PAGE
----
Older self-cleaning ovens that I have had, basically GE and Frigidaire,
did not have restrictions on leaving the racks in during self cleaning.
OTOH, none had the nice glide racks, and none had the nice chrome-plated
surfaces and heavy steel construction that these higher end racks have.
You could describe their racks as 'cheap'. The only good thing about them
was that, being unplated, you could leave them in the oven during self-clean..
And their clearances were loose enough that it didn't matter how warped
they got.

W.
  #38 (permalink)   Report Post  
Old 11-12-2008, 08:57 PM posted to rec.food.equipment
external usenet poster
 
Join Date: Feb 2006
Posts: 567
Default using the 'clean' feature for an oven

On Thu, 11 Dec 2008 09:06:52 -0800, Walter Spector
wrote:

What's a "glide rack"? And, for that matter,what's a "regular rack"?


They roll on bearings to make it easier to work with heavy pots
and roasters. Very nice feature.

For example, Dacors version:

http://www.dacor.com/Our-Products/Ac...ide-Racks.aspx

And Vikings version:

http://www.vikingrange.com/consumer/...id=prod4690185


Nice, thanks. Some day when I splurge on a kitchen... 8

-- Larry
  #39 (permalink)   Report Post  
Old 12-12-2008, 02:04 AM posted to rec.food.equipment
external usenet poster
 
Join Date: May 2007
Posts: 262
Default using the 'clean' feature for an oven

In article ,
Walter Spector wrote:

They roll on bearings to make it easier to work with heavy pots
and roasters. Very nice feature.

For example, Dacors version:

http://www.dacor.com/Our-Products/Ac...en-Glide-Racks.
aspx

And Vikings version:

http://www.vikingrange.com/consumer/...id=prod4690185

If you use self-clean on one of these, you will have just ruined
a $200 rack.


The bearings onside those racks are sealed bearings, that is that
nothing can get in or out. Within those seals, the bearings have a high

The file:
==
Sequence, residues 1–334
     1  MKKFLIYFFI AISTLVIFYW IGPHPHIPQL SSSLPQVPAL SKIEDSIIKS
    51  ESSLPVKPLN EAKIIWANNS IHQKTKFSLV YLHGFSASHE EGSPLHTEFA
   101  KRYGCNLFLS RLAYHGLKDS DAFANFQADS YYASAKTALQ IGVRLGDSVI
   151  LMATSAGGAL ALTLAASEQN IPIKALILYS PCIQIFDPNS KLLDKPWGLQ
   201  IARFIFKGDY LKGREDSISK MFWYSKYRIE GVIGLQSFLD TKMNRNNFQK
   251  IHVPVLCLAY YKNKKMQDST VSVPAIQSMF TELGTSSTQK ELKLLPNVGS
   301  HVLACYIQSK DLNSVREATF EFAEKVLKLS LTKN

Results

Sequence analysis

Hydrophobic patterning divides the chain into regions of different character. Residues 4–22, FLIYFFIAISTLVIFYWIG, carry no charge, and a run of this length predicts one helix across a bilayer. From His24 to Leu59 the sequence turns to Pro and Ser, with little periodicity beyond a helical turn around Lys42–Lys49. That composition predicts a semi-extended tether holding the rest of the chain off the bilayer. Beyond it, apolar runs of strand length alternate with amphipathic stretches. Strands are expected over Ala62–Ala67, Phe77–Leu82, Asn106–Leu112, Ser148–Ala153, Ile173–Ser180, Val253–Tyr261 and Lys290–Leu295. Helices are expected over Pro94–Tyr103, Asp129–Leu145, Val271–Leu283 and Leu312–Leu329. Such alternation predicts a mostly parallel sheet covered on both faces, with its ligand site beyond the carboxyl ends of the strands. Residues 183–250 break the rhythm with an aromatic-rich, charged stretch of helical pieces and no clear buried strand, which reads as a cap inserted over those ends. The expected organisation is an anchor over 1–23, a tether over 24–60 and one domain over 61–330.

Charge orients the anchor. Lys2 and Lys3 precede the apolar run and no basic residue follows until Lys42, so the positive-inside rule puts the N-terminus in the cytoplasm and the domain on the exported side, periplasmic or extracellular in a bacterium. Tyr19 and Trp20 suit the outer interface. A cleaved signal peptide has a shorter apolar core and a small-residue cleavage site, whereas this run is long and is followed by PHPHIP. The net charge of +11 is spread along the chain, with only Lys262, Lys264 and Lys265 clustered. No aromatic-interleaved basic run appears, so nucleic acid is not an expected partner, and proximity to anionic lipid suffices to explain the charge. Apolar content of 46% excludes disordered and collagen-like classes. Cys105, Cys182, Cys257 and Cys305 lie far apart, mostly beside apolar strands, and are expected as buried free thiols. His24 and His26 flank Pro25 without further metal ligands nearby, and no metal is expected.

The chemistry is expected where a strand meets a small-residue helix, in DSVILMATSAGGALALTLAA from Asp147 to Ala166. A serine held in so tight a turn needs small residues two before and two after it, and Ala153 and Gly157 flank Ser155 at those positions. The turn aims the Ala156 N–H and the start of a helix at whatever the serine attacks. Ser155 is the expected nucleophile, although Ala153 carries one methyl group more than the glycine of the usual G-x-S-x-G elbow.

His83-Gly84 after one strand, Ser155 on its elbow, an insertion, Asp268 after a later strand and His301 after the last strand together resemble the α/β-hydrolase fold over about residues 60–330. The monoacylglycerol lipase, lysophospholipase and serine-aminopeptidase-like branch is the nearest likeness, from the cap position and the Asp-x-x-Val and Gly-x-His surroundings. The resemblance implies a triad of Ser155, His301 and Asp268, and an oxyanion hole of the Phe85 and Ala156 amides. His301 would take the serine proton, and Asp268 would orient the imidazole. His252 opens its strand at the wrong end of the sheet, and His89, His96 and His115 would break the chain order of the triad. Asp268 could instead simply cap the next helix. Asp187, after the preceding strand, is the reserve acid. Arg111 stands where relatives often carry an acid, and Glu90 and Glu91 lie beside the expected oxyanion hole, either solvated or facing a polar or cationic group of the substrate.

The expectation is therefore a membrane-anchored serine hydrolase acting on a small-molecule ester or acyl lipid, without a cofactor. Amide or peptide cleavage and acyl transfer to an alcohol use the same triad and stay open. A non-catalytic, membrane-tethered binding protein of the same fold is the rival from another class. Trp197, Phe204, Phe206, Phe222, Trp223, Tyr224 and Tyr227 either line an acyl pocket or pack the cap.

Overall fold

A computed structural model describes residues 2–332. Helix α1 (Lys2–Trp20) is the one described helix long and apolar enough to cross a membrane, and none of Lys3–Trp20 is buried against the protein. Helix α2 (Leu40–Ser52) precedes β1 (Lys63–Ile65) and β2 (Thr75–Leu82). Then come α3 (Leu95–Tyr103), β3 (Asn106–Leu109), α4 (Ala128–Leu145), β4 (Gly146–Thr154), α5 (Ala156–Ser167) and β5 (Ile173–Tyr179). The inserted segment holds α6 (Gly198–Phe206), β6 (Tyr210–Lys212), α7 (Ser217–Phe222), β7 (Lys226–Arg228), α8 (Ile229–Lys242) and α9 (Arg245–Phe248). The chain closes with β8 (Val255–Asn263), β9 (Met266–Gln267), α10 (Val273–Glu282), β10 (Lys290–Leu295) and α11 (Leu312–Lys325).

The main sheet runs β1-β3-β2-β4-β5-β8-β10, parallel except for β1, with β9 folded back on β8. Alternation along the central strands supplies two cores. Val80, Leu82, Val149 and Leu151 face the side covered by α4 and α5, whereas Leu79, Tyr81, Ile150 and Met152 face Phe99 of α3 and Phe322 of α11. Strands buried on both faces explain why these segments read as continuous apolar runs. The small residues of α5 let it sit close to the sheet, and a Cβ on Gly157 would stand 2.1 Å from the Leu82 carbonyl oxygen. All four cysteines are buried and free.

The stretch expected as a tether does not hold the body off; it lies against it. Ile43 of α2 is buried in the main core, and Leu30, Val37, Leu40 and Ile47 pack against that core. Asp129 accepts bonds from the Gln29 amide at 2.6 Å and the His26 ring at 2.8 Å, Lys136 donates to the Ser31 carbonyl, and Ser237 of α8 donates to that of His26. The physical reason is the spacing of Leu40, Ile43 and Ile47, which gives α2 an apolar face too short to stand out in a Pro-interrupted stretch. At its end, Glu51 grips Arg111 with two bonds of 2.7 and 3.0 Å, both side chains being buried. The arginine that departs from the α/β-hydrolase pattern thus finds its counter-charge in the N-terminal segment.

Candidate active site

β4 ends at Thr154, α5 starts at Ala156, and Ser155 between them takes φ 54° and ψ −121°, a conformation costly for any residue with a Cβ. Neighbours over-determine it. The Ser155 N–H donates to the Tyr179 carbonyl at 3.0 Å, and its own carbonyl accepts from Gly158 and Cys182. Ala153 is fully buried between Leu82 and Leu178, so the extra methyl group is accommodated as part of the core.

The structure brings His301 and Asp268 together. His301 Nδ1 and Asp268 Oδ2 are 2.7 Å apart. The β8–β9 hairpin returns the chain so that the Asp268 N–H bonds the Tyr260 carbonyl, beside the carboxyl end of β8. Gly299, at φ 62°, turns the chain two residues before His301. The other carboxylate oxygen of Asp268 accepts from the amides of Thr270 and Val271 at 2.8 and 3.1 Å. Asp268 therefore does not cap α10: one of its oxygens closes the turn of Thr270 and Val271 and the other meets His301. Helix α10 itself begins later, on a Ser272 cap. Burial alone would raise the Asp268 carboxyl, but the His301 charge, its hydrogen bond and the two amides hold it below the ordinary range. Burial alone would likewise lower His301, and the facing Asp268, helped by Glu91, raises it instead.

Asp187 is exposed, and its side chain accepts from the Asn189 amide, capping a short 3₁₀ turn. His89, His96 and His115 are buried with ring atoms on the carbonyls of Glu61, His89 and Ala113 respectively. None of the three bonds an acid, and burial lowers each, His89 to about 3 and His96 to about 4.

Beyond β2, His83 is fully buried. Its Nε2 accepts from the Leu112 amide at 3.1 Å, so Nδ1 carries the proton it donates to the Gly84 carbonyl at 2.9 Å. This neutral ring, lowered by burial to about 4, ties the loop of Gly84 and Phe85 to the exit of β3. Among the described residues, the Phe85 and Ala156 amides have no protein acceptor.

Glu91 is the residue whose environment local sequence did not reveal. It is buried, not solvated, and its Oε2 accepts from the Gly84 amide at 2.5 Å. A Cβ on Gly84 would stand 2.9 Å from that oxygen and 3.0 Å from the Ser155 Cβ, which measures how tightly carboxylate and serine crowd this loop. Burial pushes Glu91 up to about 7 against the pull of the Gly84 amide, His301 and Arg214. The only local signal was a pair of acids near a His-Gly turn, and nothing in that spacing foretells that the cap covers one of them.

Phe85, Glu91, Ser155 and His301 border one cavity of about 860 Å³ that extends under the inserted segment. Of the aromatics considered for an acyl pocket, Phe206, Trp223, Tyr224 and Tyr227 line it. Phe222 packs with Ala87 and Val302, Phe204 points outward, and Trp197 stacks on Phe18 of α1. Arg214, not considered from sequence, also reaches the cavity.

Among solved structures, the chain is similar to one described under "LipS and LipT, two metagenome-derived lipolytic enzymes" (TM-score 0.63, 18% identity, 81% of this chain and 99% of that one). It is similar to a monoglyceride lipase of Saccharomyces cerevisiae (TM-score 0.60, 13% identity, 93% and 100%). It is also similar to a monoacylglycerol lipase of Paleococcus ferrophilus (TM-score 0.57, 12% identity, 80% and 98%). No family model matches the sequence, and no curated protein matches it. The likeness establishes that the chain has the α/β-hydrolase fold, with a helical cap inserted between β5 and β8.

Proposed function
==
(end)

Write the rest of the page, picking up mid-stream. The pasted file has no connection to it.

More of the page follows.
heat resilient lubricant, most likely a synthetic lube. However, the
very high heat achieved in most self-clean cycles is sufficient to break
down these lubricants, which is why they would be ruined after being
cleaned like that. In addition, the lubricants can potentially boil,
and in turning vaporous, they can breach the seal and leak. And if they
do leak, the smoke could be significant.

jt


Reply
Thread Tools Search this Thread
Search this Thread:

Advanced Search
Display Modes

Posting Rules

Smilies are On
[IMG] code is On
HTML code is Off
Trackbacks are On
Pingbacks are On
Refbacks are On


Similar Threads
Thread Thread Starter Forum Replies Last Post
Good day to clean the oven Dave Smith[_1_] General Cooking 7 16-05-2011 03:49 AM
Easy way to clean oven Lenona General Cooking 16 17-02-2011 03:27 PM
How do you clean your basic apartment oven? Karen AKA Kajikit General Cooking 13 28-01-2007 09:56 PM
OT..Keeping oven clean Bill Reynolds General Cooking 13 19-02-2005 05:53 PM
How to Clean Microwave/Convection Oven? BMC Baking 2 10-01-2004 05:05 AM


All times are GMT +1. The time now is 02:15 PM.

Powered by vBulletin® Copyright ©2000 - 2019, Jelsoft Enterprises Ltd.
Copyright 2004-2019 FoodBanter.com.
The comments are property of their posters.
 

About Us

"It's about Food and drink"

 

Copyright © 2017